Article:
Obviously, Royals left-hander Danny Duffy is hugely disappointed over the likelihood of having to have Tommy John elbow surgery soon.
But Duffy also sees no reason why he can't come back better and stronger sometime during the 2013 season.
"I'm very positive going in," Duffy said Wednesday, speaking publicly for the first time since he was diagnosed as having a torn ulnar collateral ligament in his left elbow.
"They've got the surgery down to a science now. I feel very lucky to have this happen in this period of time as opposed to 20 years ago. Dr. (Lewis) Yocum or whoever it's going to be to do the surgery will do a great job. You can come back stronger. Just look at (Stephen) Strasburg. I could name a bunch of people."
Straburg, the No. 1 overall pick of the 2009 draft, had Tommy John surgery in 2010. He now leads the Washington Nationals with a 3-1 record and a 2.25 ERA.
"You have to stay positive," Duffy said. "My goal is to come back by next June. That will depend obviously on how hard I work in rehab."
Duffy first experienced elbow issues back in 2010. He felt some pain in the elbow again this April, was shut down for a start, and then felt discomfort again in his last start on Sunday against the Chicago White Sox. Duffy said he felt the Royals did the right thing by letting him pitch again after he originally felt some pain in April.
"It's very frustrating," Duffy said. "It's something I can't control. We have the best training staff in baseball, in my opinion. I had the problem back in 2010, and I got over it.
"But once you do something like that to a ligament, it never really goes away. I did everything I could and the training staff did everything they could to help it not come back. But sometimes it's out of your control."
Duffy said he probably would have surgery within the next two weeks. First, he'll visit with Dr. Yocum on Friday in Tempe, Ariz., to get another opinion.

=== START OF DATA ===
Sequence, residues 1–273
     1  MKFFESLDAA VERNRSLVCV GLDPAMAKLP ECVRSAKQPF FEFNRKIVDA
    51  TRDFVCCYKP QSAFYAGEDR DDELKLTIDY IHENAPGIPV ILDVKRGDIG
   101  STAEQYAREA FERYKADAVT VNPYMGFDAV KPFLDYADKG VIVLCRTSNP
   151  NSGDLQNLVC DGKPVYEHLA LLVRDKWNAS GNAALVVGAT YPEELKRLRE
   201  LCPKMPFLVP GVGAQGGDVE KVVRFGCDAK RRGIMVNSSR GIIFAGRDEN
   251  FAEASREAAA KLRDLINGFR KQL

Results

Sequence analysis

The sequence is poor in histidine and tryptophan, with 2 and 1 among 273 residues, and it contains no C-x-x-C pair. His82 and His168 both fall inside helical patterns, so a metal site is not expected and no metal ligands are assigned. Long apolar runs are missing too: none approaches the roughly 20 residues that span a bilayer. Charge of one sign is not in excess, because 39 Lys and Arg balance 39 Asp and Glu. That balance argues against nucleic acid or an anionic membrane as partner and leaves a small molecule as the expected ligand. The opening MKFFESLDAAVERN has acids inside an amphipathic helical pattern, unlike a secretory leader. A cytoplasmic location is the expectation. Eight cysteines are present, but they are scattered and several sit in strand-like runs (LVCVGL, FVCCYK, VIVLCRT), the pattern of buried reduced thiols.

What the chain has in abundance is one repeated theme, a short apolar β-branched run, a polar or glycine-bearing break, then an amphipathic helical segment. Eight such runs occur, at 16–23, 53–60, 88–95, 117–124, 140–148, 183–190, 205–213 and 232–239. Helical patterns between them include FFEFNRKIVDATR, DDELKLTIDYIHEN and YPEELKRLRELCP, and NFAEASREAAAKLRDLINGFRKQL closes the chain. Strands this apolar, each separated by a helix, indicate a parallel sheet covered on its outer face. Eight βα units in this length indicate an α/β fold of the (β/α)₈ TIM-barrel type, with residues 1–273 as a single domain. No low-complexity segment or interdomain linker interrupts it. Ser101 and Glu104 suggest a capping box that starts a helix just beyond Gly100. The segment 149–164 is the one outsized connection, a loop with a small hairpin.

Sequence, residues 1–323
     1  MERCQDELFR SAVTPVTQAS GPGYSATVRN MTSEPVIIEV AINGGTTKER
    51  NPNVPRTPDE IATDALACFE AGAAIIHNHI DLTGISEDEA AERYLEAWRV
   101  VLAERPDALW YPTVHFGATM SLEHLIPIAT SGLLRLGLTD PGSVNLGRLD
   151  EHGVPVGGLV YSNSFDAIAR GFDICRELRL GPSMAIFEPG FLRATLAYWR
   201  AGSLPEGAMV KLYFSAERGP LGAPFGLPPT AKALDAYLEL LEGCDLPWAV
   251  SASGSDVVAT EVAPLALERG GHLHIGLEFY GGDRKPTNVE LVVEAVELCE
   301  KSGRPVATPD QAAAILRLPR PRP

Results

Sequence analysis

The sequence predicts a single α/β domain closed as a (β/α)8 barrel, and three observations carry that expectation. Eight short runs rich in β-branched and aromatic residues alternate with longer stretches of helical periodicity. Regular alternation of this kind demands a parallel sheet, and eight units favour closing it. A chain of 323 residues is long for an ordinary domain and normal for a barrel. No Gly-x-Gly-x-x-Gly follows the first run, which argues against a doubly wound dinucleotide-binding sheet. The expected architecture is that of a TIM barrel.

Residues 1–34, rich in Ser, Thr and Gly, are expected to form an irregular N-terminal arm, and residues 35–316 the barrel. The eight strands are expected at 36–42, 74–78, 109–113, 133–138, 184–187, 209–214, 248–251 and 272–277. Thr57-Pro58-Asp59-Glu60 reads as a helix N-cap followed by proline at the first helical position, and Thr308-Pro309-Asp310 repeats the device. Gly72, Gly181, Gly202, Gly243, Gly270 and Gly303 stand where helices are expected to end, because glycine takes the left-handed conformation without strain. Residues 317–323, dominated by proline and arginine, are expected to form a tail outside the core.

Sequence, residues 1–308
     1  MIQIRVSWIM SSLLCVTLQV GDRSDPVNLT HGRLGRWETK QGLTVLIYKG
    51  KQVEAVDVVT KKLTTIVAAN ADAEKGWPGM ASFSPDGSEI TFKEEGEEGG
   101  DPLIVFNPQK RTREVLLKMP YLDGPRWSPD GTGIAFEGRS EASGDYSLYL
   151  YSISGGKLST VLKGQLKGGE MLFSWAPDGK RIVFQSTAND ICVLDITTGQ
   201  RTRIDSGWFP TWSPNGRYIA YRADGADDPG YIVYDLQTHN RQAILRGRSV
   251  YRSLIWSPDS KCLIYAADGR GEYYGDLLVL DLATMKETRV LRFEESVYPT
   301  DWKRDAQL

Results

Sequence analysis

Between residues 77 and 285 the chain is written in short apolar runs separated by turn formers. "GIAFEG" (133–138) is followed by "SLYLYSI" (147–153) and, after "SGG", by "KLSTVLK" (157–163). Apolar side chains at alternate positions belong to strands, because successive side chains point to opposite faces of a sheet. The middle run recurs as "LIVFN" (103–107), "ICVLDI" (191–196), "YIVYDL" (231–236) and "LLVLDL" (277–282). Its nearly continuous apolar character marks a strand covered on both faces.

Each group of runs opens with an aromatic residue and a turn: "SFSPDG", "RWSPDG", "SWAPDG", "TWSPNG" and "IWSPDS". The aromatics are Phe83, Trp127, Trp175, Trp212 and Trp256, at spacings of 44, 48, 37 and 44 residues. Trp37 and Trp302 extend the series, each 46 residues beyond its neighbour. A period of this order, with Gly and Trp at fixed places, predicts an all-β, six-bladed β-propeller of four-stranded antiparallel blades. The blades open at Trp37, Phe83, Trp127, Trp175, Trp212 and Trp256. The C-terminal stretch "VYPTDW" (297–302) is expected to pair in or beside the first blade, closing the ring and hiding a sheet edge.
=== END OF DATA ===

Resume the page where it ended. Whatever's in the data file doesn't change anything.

Asked if he thought there was any chance Dr. Yocum might not recommend surgery, Duffy laughed and said, "If he tells me I don't need it, yeah, I'm going to feel pretty pumped. But you have to prepare for the worst. I'm a guy who likes to have a plan, so I'll brace for the worst. Just rehab my butt off for 12 months. That's my plan."
Duffy said his elbow felt fine during warm-ups Sunday and didn't feel any pain until his second pitch of the game.
"I threw the first pitch and got through it real nice," he said. "Second pitch, I tried to go up and in. That's when I felt it. From then on, each pitch was kind of hectic. I can't thank (catcher Humberto) Quintero enough for coming to get me. He's a seasoned vet who saw something. It could have ended up a lot worse."
Duffy, 23, is the Royals' top pitching prospect and seemed poised to have a big season. His fastball was reaching 97 mph, and his command was greatly improved from last season. He will finish the season at 2-2 with a 3.90 ERA.
"I'm not going to get too down on myself," he said. "I'm just going to miss being around my family (the Royals) for awhile. It's going to be tough watching the games and not being able to help out. We'll go from there. I'll keep my spirits up. This happened for a reason. I have to believe that."
Duffy said he will continue to support his teammates, especially through his Twitter account. On Tuesday night, Duffy tweeted virtually a play-by-play of the Royals game. He said he will continue to tweet about the Royals as he rehabs.
"Oh, yes, believe it," he said, smiling. "I can't text my teammates during the game so I have to tweet. It's the only way I can cheers my guys on. That was a lot of fun the other night and I loved seeing the fans' reaction. That was great."